Then there was the character classes. The Arcanist was up first, someone who spent their time and energy poring over ancient tomes and learning the secrets of magic. That had possibilities. It was a pretty cool idea, and certainly a handy person to have around if you are part of a paranormal investigative group. The Latent Psychic works GREAT for a modern kind of campaign where most of the protagonists are normal humans. Someone with psychic ability who is slowly learning how to use their power. The Natural/Genius is an interesting take on psychic ability- rather than something overtly psychic, these characters are just REALLY GOOD at something, which is how their paranormal abilities expressed themselves. The Nega-Psychic is the Dana Scully character class, and I'll talk more about it later. The Parapsychologist is the class I always wanted to play if I wasn't being the Game Master. A scientist, rooted in paranormal research yet with a willingness to admit that, as Winston Zeddemore said: "These things are real." Physical psychics are very much what Shadowrun would later call Adepts, expressing their psychic potential in a physical manner. The Psi-Mechanic can create paranormal devices powered by their own innate psychic abilities- the forerunner of the Rifts techno-wizard. The Psychic Healer and Psychic Sensative are just what they sound like, and all these options are followed up with perhaps the most interesting of all - Ordinary People.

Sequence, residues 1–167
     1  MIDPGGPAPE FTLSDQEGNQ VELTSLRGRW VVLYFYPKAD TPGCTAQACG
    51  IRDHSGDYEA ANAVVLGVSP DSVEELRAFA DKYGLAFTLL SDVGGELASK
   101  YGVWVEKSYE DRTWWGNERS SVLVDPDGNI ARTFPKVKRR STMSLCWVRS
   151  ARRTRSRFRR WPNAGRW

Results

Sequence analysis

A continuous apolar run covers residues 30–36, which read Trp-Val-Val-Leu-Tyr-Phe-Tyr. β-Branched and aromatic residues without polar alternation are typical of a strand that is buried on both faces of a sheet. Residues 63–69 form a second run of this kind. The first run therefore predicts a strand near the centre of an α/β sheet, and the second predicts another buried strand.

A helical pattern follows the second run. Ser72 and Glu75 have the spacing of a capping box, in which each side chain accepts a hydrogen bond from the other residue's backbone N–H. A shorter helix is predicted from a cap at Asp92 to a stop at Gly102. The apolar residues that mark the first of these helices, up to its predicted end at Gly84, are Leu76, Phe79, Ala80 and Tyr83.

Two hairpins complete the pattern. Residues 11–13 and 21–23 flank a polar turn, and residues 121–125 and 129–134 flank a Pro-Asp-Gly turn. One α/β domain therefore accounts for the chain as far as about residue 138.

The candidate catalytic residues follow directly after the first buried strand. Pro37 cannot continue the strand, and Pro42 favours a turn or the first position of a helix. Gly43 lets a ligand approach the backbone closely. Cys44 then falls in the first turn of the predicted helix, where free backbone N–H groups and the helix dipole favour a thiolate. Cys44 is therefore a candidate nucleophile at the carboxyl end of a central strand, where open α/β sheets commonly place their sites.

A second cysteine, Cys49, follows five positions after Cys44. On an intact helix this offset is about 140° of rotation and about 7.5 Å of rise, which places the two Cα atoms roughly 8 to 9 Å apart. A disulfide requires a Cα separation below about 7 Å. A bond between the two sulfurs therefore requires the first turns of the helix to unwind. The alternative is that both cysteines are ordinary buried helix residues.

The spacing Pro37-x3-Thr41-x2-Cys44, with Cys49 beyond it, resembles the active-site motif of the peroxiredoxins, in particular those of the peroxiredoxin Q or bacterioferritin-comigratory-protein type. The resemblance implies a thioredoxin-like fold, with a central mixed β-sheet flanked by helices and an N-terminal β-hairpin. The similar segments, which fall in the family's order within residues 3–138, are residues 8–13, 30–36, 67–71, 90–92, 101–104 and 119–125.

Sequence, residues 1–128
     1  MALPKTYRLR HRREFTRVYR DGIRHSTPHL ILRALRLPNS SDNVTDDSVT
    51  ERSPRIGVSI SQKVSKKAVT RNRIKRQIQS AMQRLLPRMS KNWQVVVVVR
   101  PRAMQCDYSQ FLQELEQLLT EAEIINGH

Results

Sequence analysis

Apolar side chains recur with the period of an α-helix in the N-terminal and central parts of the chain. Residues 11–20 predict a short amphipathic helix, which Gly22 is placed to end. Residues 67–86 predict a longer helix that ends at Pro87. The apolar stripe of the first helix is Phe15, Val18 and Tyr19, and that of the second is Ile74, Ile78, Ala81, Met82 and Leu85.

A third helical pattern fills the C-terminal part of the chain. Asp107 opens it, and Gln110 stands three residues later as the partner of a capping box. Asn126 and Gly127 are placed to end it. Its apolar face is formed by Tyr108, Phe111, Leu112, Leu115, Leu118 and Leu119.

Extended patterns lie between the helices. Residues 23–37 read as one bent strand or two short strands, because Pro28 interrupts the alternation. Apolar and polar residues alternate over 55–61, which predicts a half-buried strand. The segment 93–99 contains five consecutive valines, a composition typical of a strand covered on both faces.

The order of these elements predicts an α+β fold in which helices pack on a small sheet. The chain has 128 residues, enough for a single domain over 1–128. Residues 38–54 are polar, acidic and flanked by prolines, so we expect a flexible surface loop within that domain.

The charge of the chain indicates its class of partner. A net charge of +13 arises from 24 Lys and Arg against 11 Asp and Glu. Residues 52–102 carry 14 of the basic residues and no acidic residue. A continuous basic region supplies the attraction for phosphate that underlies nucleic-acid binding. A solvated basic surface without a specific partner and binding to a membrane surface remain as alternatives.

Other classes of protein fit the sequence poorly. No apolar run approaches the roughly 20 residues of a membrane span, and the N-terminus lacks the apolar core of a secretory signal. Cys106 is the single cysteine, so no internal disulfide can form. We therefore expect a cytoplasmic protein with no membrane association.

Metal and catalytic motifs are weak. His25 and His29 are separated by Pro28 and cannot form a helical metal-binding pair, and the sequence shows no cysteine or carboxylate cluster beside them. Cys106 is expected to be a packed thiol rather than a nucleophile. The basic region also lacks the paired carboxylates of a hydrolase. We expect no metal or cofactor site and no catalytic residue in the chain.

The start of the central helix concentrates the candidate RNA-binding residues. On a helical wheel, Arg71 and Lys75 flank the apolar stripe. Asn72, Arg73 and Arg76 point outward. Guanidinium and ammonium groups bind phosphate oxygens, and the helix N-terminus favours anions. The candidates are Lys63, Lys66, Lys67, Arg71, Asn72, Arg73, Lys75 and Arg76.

The ability to have ordinary paranormal investigators as well as mixing in the GMs preference of actual psychic characters is a sandbox primed for many sorts of investigative horror adventures. You could limit classes to just the parapsychologist and ordinary people, you could allow one psychic sensitive or latent psychic, you could go all-out and allow all the classes for a game with a higher supernatural level. Personally, I find the limited approach a little more interesting- when the PCs possess too much paranormal ability in and of themselves, investigating the unknown doesn't seem as dangerous or as mysterious.